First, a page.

An Andalusian Experience


In Search of Sepharad
Cordoba is rediscovering its multi-cultural roots.

Cordoba SynagogueAt the end of 1999, in an emotional ceremony, the Hebrew Sabbath prayer was heard in the Cordoba Synagogue for the first time in five centuries.

The 14th-century synagogue, a fine example of Andalusian Mudejar art, is one of only three of its kind in Spain. It is located in the Juderia, the maze of narrow streets that make up the old Jewish quarter of Cordoba, and is a powerful symbol of the days when the city, the capital of a caliphate which encompassed most of the Iberian peninsula - a land known to the Moors as Al-Andalus and to the Jews as Sepharad - was a shining centre of culture, science and learning. In those days Cordoba, birthplace of the great Jewish philosopher and physician Maimonides, was home to the most brilliant Christian, Jewish and Moorish scientists and thinkers. The designation by Unesco of Cordoba’s historical centre, including the Juderia and the adjoining Mosque, as a World Heritage Site in 1984 rekindled interest in the city’s rich past and, in particular, its Jewish and Moorish roots.

Cordoba’s Association of Friends of Jewish Culture organises regular cultural activities and other events, and sponsored the year’s ceremony officiated by Dr. Raymond Scheindlin, a prominent scholar from New York. They are also promoting the cultural Route of Sepharad, taking in the major sights in the city as well as Cordoban towns with strong Sephardic roots, such as Lucena and Priego de Cordoba.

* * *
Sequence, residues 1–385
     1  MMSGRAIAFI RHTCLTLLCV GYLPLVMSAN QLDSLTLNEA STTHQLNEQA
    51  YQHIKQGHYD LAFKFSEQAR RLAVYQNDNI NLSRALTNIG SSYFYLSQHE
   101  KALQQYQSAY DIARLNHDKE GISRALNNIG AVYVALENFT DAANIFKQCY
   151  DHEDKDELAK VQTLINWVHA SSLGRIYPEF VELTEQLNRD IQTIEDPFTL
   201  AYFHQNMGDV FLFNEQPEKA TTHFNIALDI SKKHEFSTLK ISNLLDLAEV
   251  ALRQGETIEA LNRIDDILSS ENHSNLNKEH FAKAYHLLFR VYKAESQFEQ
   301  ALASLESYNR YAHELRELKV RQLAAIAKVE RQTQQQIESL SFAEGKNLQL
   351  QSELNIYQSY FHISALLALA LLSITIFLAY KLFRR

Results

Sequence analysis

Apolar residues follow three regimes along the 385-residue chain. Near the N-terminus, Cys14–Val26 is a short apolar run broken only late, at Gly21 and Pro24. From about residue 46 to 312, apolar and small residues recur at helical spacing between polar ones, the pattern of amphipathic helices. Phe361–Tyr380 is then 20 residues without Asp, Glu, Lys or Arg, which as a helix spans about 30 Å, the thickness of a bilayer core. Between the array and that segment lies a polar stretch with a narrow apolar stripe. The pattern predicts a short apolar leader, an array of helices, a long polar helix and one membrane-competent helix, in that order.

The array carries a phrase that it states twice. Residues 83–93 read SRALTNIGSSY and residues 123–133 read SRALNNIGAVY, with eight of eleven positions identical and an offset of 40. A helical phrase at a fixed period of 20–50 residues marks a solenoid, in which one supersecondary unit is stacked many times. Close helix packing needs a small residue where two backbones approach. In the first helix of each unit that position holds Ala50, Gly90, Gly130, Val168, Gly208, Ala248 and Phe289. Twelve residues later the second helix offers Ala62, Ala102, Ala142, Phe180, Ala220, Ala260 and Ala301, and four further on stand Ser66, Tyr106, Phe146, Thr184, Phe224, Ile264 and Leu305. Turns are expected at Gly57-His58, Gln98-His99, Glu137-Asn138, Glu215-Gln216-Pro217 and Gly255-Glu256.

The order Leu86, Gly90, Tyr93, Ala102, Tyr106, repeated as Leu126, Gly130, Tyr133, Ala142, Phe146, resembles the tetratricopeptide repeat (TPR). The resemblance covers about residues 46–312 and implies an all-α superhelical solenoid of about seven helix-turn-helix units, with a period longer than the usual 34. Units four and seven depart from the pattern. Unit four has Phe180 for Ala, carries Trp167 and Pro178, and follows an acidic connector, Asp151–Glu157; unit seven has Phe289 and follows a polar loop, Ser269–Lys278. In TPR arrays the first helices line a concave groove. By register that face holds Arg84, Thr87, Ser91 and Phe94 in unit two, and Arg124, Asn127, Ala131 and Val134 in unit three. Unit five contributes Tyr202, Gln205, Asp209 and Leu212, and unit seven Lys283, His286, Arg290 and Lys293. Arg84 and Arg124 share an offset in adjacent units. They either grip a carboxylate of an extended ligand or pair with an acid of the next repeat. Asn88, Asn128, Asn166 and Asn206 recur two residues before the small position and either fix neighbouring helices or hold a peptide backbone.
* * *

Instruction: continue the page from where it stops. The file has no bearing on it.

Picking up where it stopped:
In the days of the Caliphate the Sephardim played an important role in Moorish society. Many of the city’s traditional crafts, such as the delicate filigree work which is still produced by craftsmen in the city’s picturesque Zoco (souk) across the street from the synagogue, can be traced back to those days.

The recovery of this heritage extends to the local gastronomy as well. Jose Garcia of the famous El Caballo Rojo restaurant was instrumental in reviving traditional Moorish and Sephardic dishes, which has served as an inspiration for other Cordoba restaurants such as Pepe de la Juderia, one of the most popular establishments in the old Jewish quarter, where chef Francisco Afan has developed dishes such as Bacalao Sefarad as a tribute to Cordoba’s multi-cultural past.

Patronato de Turismo de Cordoba (tourist promotion board) -
E-mail: [email protected] Website:

Nearest airports: Seville (80 miles, 130 km), Granada (100 miles, 160 km)


Copyright 2000 An Andalusian Experience. Text by Mark Little. Photography by J. D. Dallet  - A Freelance Spain production

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Copyright © 2000-2006 Mark and David Little & J.D. Dallet